Section 1.3. General PHP Changes


1.3. General PHP Changes

1.3.1. XML and Web Services

Following the changes in the language, the XML updates in PHP 5 are probably the most significant and exciting. The enhanced XML functionality in PHP 5 puts it on par with other web technologies in some areas and overtakes them in others.

1.3.1.1 The Foundation

XML support in PHP 4 was implemented using a variety of underlying XML libraries. SAX support was implemented using the old Expat library, XSLT was implemented using the Sablotron library (or using libxml2 via the DOM extension), and DOM was implemented using the more powerful libxml2 library by the GNOME project.

Using a variety of libraries did not make PHP 4 excel when it came to XML support. Maintenance was poor, new XML standards were not always supported, performance was not as good as it could have been, and interoperability between the various XML extensions did not exist.

In PHP 5, all XML extensions have been rewritten to use the superb libxml2 XML toolkit (http://www.xmlsoft.org/). It is a feature-rich, highly maintained, and efficient implementation of the XML standards that brings cutting-edge XML technology to PHP.

All the afore-mentioned extensions (SAX, DOM, and XSLT) now use libxml2, including the new additional extensions SimpleXML and SOAP.

1.3.1.2 SAX

As previously mentioned, the new SAX implementation has switched from using Expat to libxml2. Although the new extension should be compatible, some small subtle differences might exist. Developers who still want to work with the Expat library can do so by configuring and building PHP accordingly (which is not recommended).

1.3.1.3 DOM

Although DOM support in PHP 4 was also based on the libxml2 library, it had bugs, memory leaks, and in many cases, the API was not W3C-compliant. The DOM extension went through a thorough facelift for PHP 5. Not only was the extension mostly rewritten, but now, it is also W3C-compliant. For example, function names now use studlyCaps as described by the W3C standard, which makes it easier to read general W3C documentation and implement what you have learned right away in PHP. In addition, the DOM extension now supports three kinds of schemas for XML validation: DTD, XML schema, and RelaxNG.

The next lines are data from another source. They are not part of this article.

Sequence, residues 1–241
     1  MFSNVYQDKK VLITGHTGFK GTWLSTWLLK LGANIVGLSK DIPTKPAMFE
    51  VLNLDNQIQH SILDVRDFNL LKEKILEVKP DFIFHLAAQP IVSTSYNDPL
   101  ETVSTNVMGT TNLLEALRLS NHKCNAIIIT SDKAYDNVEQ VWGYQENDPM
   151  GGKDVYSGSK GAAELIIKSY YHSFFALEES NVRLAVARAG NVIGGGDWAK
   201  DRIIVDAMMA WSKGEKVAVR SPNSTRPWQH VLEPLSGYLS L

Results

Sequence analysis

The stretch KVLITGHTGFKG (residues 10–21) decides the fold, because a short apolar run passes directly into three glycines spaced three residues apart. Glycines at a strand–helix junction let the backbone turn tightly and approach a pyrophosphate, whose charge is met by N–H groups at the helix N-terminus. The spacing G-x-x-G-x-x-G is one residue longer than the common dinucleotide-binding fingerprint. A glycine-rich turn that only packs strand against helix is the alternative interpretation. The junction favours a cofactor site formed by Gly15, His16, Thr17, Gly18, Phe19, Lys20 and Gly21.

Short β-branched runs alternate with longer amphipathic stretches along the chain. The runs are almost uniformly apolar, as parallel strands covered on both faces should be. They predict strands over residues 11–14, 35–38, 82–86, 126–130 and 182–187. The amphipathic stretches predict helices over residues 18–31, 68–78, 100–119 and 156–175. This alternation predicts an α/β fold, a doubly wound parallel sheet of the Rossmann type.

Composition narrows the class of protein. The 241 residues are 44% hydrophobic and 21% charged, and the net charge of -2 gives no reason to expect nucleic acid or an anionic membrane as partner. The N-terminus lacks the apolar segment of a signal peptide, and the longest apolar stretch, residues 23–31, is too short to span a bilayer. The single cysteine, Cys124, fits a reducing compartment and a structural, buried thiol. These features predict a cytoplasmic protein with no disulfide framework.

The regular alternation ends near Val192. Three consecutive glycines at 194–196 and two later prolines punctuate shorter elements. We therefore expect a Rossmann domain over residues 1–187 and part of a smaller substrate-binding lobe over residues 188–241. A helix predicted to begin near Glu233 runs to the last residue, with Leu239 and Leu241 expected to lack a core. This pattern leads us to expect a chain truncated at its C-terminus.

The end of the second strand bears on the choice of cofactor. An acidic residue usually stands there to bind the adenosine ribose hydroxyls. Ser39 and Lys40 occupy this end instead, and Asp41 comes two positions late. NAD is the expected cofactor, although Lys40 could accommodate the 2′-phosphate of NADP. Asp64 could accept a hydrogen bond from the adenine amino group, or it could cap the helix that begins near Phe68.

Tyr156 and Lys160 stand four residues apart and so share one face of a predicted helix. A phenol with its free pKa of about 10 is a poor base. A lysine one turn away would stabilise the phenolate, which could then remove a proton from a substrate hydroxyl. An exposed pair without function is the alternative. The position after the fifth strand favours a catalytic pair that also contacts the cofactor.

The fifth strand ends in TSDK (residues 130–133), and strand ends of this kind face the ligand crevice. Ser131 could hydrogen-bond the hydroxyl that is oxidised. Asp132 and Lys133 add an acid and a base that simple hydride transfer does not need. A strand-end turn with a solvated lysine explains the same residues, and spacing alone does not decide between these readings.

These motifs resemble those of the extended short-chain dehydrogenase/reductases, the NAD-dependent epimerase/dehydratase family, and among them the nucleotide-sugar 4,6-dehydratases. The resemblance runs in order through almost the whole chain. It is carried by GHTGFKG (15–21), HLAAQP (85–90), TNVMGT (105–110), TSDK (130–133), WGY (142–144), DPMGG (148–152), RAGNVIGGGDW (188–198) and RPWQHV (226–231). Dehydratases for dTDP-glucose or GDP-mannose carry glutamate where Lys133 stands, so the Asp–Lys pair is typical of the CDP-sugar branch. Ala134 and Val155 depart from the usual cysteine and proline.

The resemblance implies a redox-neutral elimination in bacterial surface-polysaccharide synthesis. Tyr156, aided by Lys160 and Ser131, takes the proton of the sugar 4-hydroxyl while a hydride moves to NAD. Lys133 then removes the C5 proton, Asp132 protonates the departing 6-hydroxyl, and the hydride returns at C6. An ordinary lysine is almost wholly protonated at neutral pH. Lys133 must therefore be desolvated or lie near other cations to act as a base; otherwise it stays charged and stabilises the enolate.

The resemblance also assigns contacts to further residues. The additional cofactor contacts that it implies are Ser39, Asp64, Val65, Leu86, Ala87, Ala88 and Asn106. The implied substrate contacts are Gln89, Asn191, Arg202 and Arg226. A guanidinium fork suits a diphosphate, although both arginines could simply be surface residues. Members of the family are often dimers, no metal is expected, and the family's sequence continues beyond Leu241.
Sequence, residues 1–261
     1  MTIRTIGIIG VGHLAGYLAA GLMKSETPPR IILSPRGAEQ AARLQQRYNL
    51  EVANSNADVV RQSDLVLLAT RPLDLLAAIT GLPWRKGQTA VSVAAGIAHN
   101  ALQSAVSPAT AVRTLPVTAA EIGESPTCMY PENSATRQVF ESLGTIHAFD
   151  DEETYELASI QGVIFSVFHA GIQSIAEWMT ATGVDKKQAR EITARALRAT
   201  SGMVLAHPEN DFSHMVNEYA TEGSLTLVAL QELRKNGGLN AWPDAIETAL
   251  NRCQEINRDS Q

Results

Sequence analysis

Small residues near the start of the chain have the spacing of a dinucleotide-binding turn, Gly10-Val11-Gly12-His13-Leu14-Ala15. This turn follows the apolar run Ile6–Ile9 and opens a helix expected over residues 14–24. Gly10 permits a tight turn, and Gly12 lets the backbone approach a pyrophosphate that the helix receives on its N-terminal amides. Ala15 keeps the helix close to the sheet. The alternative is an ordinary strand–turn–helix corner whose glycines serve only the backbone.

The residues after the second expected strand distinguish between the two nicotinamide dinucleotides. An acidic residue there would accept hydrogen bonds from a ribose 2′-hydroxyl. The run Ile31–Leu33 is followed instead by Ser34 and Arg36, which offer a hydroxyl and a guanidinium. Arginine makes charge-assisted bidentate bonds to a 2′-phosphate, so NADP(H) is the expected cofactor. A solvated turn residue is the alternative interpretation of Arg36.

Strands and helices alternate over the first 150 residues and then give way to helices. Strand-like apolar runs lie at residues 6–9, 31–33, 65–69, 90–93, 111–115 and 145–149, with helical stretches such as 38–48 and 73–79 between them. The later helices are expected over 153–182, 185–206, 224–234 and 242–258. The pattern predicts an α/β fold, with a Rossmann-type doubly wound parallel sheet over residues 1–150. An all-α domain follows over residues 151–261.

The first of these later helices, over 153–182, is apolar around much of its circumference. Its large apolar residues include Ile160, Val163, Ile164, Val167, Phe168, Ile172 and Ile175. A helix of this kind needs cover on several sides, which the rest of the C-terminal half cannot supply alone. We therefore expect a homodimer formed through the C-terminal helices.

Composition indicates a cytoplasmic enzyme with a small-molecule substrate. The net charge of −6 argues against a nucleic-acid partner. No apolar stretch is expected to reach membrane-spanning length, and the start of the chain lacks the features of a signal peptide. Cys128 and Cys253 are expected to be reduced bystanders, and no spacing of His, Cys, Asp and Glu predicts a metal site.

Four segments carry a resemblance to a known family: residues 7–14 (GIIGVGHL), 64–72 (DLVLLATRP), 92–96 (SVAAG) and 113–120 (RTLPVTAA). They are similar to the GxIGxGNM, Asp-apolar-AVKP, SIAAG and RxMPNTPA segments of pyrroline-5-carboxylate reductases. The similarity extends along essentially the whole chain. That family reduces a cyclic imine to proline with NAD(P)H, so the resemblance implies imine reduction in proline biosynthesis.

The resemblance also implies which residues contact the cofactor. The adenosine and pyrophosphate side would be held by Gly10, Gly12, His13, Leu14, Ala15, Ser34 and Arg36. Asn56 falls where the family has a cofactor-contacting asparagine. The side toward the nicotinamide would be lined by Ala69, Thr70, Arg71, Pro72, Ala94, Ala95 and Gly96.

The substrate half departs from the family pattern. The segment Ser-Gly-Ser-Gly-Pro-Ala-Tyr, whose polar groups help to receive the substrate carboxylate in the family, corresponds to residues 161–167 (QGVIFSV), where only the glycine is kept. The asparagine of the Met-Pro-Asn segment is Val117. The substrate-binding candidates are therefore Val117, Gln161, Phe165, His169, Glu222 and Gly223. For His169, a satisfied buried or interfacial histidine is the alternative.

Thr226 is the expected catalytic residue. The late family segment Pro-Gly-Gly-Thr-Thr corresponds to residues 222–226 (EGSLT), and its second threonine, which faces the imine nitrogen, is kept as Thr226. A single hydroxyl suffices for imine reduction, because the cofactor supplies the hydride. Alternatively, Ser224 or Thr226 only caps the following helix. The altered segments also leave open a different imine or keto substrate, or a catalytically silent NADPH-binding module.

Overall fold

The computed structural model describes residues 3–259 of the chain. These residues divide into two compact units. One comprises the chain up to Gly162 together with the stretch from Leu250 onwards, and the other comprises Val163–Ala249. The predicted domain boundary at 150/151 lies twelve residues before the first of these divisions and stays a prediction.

As a result of these changes, PHP 4 code using DOM will not always run in PHP 5. However, in most cases, adjusting the function names to the new standard will probably do the trick.

1.3.1.4 XSLT

In PHP 4, two extensions supported XSL Transformations: the Sablotron extension and the XSLT support in the DOM extension. PHP 5 features a new XSL extension and, as previously mentioned, it is based on the libxml2 extension. As in PHP 5, the XSL Transformation does not take the XSLT stylesheet as a parameter, but depends on the DOM extension to load it. The stylesheet can be cached in memory and may be applied to many documents, which saves execution time.

1.3.1.5 SimpleXML

When looking back in a year or two, it will be clear that SimpleXML revolutionized the way PHP developers work with XML files. Instead of having to deal with DOM oreven worseSAX, SimpleXML represents your XML file as a native PHP object. You can read, write, or iterate over your XML file with ease, accessing elements and attributes.

Consider the following XML file:

 <clients> <client>     <name>John Doe</name>     <account_number>87234838</account_number> </client> <client>     <name>Janet Smith</name>     <account_number>72384329</account_number> </client> </clients>